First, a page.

Bill Text

PDF |Add To My Favorites |Track Bill | print page

ACR-50 Workforce development.(2019-2020)

SHARE THIS:share this bill in Facebookshare this bill in Twitter
ACR50:v97#DOCUMENT

Assembly Concurrent Resolution No. 50
CHAPTER 143

Relative to workforce development.

[ Filed with Secretary of State  September 09, 2019. ]

LEGISLATIVE COUNSEL'S DIGEST


ACR 50, Chiu. Workforce development.
This measure would state the Legislature’s commitment to removing barriers and ensuring that good jobs and career pathway programs are accessible to all while promoting equity and inclusion in hiring practices. The measure would call upon the state’s workforce system to improve access to workforce development for all Californians, ensure representation of impacted communities in the decisionmaking processes for developing workforce strategies, create more effective training programs for Limited English Proficient individuals, remove barriers for individuals reentering the workforce, create goals and metrics that are directly tied to improving equity and access to workforce development and quality jobs for all Californians, and build equity and accountability into our state-funded workforce development programs so that all Californians can participate meaningfully in, contribute to, and thrive in our current and future economy.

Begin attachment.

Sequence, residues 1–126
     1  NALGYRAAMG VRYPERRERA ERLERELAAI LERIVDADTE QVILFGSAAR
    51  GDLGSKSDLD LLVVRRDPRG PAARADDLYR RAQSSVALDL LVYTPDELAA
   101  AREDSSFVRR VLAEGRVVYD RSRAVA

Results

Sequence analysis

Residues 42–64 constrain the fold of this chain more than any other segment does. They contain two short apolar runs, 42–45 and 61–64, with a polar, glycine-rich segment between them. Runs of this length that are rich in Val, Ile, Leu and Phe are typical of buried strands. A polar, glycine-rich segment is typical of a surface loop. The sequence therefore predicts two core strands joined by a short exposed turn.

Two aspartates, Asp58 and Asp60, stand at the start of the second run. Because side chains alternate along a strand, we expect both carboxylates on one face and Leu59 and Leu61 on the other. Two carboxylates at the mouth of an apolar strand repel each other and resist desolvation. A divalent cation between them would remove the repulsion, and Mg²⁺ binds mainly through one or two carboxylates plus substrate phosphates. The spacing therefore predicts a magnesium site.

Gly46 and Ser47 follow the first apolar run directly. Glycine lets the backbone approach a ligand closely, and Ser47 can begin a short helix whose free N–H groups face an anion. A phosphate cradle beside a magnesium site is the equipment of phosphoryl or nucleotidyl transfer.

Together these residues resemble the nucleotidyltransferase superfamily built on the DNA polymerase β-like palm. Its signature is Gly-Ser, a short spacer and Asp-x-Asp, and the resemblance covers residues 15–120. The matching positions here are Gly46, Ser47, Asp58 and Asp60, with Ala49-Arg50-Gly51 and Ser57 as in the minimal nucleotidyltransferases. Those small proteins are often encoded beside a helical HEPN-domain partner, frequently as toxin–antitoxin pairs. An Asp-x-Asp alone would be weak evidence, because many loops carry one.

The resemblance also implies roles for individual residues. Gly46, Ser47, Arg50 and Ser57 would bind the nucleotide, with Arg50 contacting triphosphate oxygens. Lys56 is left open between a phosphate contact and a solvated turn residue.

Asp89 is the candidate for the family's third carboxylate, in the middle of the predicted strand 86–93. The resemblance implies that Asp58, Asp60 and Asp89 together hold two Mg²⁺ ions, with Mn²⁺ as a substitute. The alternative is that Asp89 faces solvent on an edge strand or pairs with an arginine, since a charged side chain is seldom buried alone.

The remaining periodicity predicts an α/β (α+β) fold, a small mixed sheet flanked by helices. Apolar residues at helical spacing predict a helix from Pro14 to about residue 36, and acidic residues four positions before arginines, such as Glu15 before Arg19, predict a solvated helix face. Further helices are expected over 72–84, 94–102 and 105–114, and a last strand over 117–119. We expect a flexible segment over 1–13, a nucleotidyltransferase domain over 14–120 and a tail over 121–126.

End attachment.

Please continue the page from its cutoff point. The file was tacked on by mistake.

Fiscal Committee: YES  

WHEREAS, California has the fifth largest economy in the world but also has the fourth highest level of income inequality in the nation; and
WHEREAS, Immigrants and workers of color have become a significant and growing portion of the United States’ workforce, especially in California, where immigrants comprise more than 35 percent and workers of color comprise more than 58 percent of the state’s civilian workforce. However, accessible and appropriate workforce development programs for these individuals remain scarce in our state; and
WHEREAS, California is facing record low unemployment alongside a record high number of open jobs, over one-half of which require less than a bachelor’s degree, yet employers continue to extend bachelor’s degree requirements to more jobs, shutting people out of current and future opportunities; and
WHEREAS, By 2025, California is projected to face a shortage of as high as 1,500,000 workers who have some postsecondary education. Many more will be shut out of job opportunities due to changing skill requirements for in-demand jobs; and
WHEREAS, Less than one-half of California’s immigrants between 25 and 64 years of age have education beyond a high school degree. Only 52 percent of people of color between 25 and 64 years of age have education beyond a high school degree; and
WHEREAS, California has over 6.8 million residents who are Limited English Proficient (LEP), meaning they reported speaking English less than “very well” in the United States Census Bureau’s Decennial Censuses and the American Community Surveys; and
WHEREAS, Of the immigrant and refugee college-educated adults in California, 25 percent are underemployed or unemployed; and
WHEREAS, By 2030, people of color will make up approximately 68.8 percent of California’s population; and
WHEREAS, Predictions about increased automation and technological advancement forecast that 11,000,000 entry-level workers are at risk of being displaced in the United States, impacting as many as 83 percent of jobs paying less than $20 per hour; and